If you are thinking of running a PPC campaign, you must have a budget and a bidding strategy. You need to know how to make PPC budget estimates. You also need to know how to balance your bids. You’ll be competing with other businesses for the same audience, and random budgets and bids are not going to work.
PPC bidding is a game of skill and strategy. If your bids are too high, you will not be able to run your PPC campaigns long enough. If they are too low, you risk getting low ad placements or no placements.
The good new is that ad ranks are not solely dependent on bids. There are other factors that determine how high or low your ad is served. That means your ad can be served at high ranks, even if your bid is not the highest.
That’s where you need to bring your A-game to ensure you keep getting that traffic without spending too much.
How to Come up with a PPC Budget
Each PPC campaign is unique and each marketer has different goals and objectives. As such, there’s no one perfect way of PPC budget forecasting. However, there are a couple of guidelines you can use to make sure your estimates are correct.
1. Create Measurable Goals and Objectives
You need to come up with measurable goals and objectives. You will be dealing with numbers when coming up with a budget estimation. The easiest way to come up with a measurable goal is to set a profitability target.
For instance, you could decide you want your PPC campaign to generate a profit of $10,000 from 100 sales in one month.
That goal is measurable in terms of “how much” and “how long”.
You have to do some calculations in order to relate your goal to your budget.
The first thing to consider is your order value. The order value is the price paid by a customer when they make one order. Your orders could have different prices though. In such a case, you need to calculate the average order value.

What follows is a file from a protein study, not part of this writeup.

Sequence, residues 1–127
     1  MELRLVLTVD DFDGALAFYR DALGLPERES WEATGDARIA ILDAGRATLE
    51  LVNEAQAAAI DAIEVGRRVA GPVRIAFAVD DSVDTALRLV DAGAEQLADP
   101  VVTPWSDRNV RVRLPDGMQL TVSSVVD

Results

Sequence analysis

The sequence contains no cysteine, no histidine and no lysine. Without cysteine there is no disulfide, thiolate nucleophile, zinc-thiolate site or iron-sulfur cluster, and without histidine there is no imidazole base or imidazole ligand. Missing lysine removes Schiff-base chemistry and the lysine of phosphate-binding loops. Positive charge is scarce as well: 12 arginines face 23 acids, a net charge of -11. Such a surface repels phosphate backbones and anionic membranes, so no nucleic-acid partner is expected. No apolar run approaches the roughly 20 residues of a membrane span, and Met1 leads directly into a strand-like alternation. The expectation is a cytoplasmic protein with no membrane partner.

Average Order Value (AOV) = Number of orders within a given period / Total revenue collected from the orders
You also need to establish how much is your profit margin.
Percentage Profit margin (PPM) = (Total Revenue – Cost of products sold) / Revenue
You also need an estimate of the cost per acquisition. Cost per acquisition is the amount it costs to convert one sale from the traffic generated by your PPC campaign.
You can estimate the cost per acquisition from your previous PPC campaigns. If you have never ran any PPC campaign before, you can use the estimates of another business that is similar to yours.
Now let’s do the math.
Let’s say your AOV is $500 and your PPM is 50%.
Profit = No. of sales * AOV * PPM – Budget
If your profit goal is $10,000 from 100 hundred sales, the math would look like this
10,000 = 100 * 500*0.5 – Budget
Budget = $ 15,000
Cost per acquisition = Budget / No. of sales = $150
What this means is that if you have a PPC budget of $15000 and you manage to make sure your cost per acquisition never goes beyond $150, you will achieve your goal.
In this case, if the estimated cost per acquisition is higher than $150 you should know it will be difficult for you to get the profit aimed for.
That being said, you should know that the cost per acquisition is dependent on how well a PPC campaign is optimized. Even if a previous campaign has a high cost per acquisition, you can study it and find ways through which you can lower that cost.
2. Keyword Research and Analysis
You should not settle on any budget unless you’ve done proper keyword research and analysis. The keyword theme you use will determine your ad expense.
If your selected keywords do not have enough search volume, you will struggle to reach the number of sales you’ve targeted. Again, previous campaigns can give you an idea of how much search volume is needed to get a given number of sales. That will help you with your keyword research.